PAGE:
Despite tailored trials are surely a promising approach for the evaluation of new compounds in nccRCC it should not be forgotten that the results provided by these studies may require several years due to the low incidence of these tumours and thus the slow accrual of patients.
A revolution in the management of metastatic ccRCC is currently in progress and several new compounds have been approved in clinical practice (8).
As observed in “target therapy era” also recently registration clinical trials have excluded nccRCC from population on study. Therefore, once again our efforts should be spent to translate and evaluate the activity of these new compounds in patients with nccRCC.
Expanded access programs are a partial response to this need while real world experience studies may offer a large deal of data able to estimate the impact of these novel compounds in a population of nccRCC patients.
Cabozantinib is a tyrosine kinase inhibitor able to interfere with several altered pathways including: MET, AXL, VEGFR 2 and RET (9-13). In ccRCC it has been compared to everolimus in patients progressed to standard angiogenesis inhibitors (METEOR). In this population administration of cabozantinib leads to improved overall survival (21.4 versus 16.5 months; HR 0.66, 95% CI: 0.53–0.83), progression free survival (HR 0.51, 95% CI: 0.41– 0.62) and objective response rate (17% vs. 3%) compared to everolimus (10,11). A randomized phase II studies (CABOSUN) has also compared cabozantinib to sunitinib in patients with intermediate or poor risk according to IMDC criteria. Also in this population cabozantinib resulted in improved progression free survival (8.6 versus 5.3 months, HR 0.48, 95% CI: 0.31–0.74) and response rate (20% versus 9%) while no overall survival benefit emerged from this study (12,13).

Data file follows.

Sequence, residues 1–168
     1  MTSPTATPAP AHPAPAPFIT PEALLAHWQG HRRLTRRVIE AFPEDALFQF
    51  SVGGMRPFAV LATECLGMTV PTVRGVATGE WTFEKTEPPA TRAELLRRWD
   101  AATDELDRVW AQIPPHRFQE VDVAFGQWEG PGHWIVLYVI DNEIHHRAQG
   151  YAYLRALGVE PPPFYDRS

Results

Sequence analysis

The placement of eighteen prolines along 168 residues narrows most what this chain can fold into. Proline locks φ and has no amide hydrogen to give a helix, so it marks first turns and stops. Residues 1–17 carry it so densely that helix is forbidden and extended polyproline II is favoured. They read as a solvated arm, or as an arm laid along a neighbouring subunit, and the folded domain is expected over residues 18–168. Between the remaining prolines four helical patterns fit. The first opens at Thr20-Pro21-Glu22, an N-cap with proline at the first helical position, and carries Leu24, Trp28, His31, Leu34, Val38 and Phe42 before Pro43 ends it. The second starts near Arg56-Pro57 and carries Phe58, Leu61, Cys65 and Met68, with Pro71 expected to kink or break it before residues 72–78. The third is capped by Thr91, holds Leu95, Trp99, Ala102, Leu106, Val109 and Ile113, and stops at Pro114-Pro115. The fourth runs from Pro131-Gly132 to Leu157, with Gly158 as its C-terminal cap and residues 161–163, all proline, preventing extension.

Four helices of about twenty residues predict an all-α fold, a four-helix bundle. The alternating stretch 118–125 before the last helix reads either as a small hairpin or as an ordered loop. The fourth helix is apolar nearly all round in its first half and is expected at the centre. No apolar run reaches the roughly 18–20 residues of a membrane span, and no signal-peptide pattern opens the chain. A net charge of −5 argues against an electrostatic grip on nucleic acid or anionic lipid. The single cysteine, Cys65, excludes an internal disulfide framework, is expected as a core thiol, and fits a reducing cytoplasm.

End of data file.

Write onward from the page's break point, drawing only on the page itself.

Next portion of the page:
Nowadays, cabozantinib is a recognized and effective treatment largely adopted in clinical practice and has shown clinical efficacy in patients who previously received immunotherapy (monotherapy), immunotherapy combination or angiogenesis inhibitors.
About nccRCC, evidences about the efficacy profiles of cabozantinib have been recently provided by Martínez Chanzá et al. Authors carried out a retrospective analysis of 112 nccRCC patients who received cabozantinib as first (20%), second (28%) or more advanced line (53%). The majority of tumours were pRCC (59%), TRCC (15%), ChRCC (9%), CDC (4%) and unclassified histology (13%). Treatment with cabozantinib was associated to a median progression free survival and overall survival of 7.0 (1.7–9.0 months) and 12.0 (9.2–17.2) months respectively. Overall 30 of 112 patients (27%, 95% CI: 19–36) achieved a RECIST response, while 47% achieved a stable disease as best response (14).
Of note response to treatment was observed regardless previous treatment received, bone metastases, Heng prognostic risk, histology (only unclassified RCC achieved a lowest rate of objective response: 13%) and presence of sarcomatoid features. Curiously, despite no difference in objective response rate have been observed in patients with/without sarcomatoid features, patients presenting sarcomatoid seems to show a lowest time of treatment failure (5.1, 95% CI: 2.8–6.2 versus 7.4, 95% CI: 4.6–11.0 months) and 12 months overall survival (25%, 95% CI: 8–47 versus 48%, 95% CI: 31–64). Of note, information about genomic assessment was obtained in 54 of 112 patients. CDKN2A was the most frequent alteration (22%) followed by MET (20%), TP53 (11%), FH (9%), SETD2, PTEN and NF2 (7% each one) (14). Response to treatment seemed to be not influenced by CDKN2A alteration while expression of MET resulted in higher response rate (4 of 10 patients with MET alteration achieved objective response, 40%) (14).
The inclusion of cabozantinib in clinical practice for this specific population is of particular importance as very few treatments are available for these patients. Sunitinib, temsirolimus and everolimus are the more evaluated compounds in nccRCC (Table 1). However, their clinical activity is modest in this population.